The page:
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Title: More COPS, less crime
Contributors: Mello, Steven
Keywords: Police-community relations—United States
Administration of criminal justice—United States
Issue Date: Feb-2018
Publisher: Princeton University Industrial Relations Section
Place of Publication: Princeton, N.J.
Description: I exploit a natural experiment to estimate the causal effect of police on crime. The American Recovery and Reinvestment Act increased funding for the Community Oriented Policing Services (COPS) hiring grant program from less than $20 million over 2005-2008 to $1 billion in 2009. Hiring grants distributed in 2009 were allocated according to an application score cutoff rule, and I leverage quasi-random variation in grant receipt by comparing the change over time in police and crimes for cities above and below the threshold in a difference in differences framework. Relative to low-scoring cities, those above the cutoff experience increases in police of about 3.2% and declines in victimization cost-weighted crime of about 3.5% following the distribution of hiring grants. The effects are driven by large and statistically significant effects of police on robbery, larceny, and auto theft, with suggestive evidence that police reduce murders as well. Crime reductions associated with additional police were more pronounced in areas most affected by the Great Recession. The results highlight that fiscal support to local governments for crime prevention may offer large returns, especially during bad macroeconomic times.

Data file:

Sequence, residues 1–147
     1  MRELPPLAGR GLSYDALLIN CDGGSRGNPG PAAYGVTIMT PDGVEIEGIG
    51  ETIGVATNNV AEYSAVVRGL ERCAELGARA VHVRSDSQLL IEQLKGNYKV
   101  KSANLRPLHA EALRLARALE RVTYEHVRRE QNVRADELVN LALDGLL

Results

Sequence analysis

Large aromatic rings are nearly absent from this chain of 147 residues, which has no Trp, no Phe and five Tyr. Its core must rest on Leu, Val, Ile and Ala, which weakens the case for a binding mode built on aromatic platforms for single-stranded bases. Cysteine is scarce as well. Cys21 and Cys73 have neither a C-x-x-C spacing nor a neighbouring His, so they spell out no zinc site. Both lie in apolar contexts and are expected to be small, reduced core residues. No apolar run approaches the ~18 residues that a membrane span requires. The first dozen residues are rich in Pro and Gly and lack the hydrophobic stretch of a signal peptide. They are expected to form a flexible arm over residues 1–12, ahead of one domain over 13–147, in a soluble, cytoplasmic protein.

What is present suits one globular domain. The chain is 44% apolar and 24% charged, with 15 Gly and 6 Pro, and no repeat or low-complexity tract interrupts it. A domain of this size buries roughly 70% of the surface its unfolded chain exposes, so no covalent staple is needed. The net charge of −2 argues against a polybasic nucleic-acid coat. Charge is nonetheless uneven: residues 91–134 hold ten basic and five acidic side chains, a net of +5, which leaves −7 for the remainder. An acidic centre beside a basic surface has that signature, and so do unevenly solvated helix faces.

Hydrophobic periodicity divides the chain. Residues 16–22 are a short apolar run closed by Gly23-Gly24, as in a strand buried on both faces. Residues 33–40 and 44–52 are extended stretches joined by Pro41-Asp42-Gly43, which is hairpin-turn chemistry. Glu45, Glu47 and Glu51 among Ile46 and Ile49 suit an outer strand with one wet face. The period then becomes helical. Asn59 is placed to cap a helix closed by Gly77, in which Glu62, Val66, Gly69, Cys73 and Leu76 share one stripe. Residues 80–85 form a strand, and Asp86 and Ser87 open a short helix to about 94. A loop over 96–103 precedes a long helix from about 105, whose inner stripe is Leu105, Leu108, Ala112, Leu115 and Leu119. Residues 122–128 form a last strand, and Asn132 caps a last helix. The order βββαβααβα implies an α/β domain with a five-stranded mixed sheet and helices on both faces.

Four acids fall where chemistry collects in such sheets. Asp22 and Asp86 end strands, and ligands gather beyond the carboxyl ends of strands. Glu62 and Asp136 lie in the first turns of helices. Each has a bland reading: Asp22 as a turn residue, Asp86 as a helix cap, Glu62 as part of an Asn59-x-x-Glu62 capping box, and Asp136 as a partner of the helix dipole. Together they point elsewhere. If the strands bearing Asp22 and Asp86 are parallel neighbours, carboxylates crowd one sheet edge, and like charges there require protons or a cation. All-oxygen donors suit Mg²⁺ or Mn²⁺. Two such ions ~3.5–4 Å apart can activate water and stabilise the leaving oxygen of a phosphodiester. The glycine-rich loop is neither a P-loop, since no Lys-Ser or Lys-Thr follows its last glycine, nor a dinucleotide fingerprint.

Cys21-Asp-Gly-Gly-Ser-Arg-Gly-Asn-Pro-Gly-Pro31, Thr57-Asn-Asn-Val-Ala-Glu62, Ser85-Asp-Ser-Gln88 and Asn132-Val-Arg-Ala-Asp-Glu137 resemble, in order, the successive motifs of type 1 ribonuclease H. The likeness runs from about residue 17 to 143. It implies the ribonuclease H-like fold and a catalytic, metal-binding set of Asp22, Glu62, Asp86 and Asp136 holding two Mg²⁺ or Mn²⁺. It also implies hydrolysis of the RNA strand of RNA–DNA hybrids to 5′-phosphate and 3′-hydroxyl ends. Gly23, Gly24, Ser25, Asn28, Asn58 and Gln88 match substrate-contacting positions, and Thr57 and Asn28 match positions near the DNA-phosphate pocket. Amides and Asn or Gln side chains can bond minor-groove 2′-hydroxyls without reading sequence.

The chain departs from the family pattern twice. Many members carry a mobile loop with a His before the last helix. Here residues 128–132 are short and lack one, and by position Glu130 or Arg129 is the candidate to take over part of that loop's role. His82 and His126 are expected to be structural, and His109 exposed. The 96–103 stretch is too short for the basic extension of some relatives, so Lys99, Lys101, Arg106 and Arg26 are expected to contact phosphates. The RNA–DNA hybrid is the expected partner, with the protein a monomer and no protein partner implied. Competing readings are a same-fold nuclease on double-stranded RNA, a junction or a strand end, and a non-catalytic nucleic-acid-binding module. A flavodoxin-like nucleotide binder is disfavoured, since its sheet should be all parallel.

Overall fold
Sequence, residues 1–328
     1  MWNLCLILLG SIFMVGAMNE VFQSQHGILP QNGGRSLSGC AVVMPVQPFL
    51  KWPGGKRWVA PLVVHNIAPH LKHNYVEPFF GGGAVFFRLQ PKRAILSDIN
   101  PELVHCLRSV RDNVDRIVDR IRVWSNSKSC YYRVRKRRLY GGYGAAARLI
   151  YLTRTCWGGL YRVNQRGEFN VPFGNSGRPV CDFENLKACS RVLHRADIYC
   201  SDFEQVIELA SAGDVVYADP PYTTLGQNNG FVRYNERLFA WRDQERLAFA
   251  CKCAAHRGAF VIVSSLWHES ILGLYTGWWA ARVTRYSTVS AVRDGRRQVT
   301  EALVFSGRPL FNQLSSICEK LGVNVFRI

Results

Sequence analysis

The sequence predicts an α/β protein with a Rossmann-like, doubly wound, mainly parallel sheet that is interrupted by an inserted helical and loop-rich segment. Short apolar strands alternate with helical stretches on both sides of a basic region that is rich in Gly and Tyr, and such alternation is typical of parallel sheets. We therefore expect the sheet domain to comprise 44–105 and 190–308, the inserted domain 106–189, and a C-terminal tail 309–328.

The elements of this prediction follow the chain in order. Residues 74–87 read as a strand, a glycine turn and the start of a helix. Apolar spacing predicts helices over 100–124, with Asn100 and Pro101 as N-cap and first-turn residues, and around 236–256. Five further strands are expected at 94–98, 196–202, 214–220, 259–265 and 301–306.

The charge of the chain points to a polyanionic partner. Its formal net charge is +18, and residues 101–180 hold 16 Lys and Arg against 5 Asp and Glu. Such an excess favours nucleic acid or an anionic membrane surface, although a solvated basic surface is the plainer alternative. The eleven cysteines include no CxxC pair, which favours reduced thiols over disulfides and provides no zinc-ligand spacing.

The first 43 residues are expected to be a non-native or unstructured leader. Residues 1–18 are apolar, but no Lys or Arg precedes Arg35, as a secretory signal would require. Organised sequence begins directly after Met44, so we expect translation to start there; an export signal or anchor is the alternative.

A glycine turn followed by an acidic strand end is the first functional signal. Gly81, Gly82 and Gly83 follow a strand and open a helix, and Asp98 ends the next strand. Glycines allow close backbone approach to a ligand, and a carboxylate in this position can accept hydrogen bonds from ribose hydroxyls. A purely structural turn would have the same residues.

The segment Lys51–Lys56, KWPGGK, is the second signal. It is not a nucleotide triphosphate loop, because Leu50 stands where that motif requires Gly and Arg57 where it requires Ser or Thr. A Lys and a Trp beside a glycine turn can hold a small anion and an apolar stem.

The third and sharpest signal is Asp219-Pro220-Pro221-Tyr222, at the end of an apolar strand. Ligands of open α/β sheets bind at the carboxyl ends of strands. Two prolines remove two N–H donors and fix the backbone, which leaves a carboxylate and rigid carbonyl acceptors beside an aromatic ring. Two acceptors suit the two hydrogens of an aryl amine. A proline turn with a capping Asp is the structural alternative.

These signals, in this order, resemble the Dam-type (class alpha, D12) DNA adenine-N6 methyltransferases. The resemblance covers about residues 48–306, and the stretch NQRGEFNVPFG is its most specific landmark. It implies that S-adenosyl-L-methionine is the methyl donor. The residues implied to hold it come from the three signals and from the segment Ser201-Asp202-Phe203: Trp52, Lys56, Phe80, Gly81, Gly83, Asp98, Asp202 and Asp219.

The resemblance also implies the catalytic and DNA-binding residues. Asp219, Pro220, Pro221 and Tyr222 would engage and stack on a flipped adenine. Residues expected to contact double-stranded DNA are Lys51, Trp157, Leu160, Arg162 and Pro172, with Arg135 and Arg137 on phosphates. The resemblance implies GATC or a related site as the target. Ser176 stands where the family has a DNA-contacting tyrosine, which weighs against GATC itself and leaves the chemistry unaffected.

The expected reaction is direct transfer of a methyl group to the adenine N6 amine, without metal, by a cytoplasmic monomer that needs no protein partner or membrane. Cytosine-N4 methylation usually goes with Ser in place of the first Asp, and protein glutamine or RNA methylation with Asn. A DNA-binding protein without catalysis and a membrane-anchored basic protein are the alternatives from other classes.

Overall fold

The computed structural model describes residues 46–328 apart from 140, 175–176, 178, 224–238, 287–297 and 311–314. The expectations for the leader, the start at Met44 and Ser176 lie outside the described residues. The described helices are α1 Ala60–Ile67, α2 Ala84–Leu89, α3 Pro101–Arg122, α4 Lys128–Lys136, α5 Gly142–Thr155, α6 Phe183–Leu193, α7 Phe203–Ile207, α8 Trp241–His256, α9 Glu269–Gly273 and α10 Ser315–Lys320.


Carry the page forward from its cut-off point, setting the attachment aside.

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Appears in Collections:Monographic reports and papers (Access Limited to Princeton)

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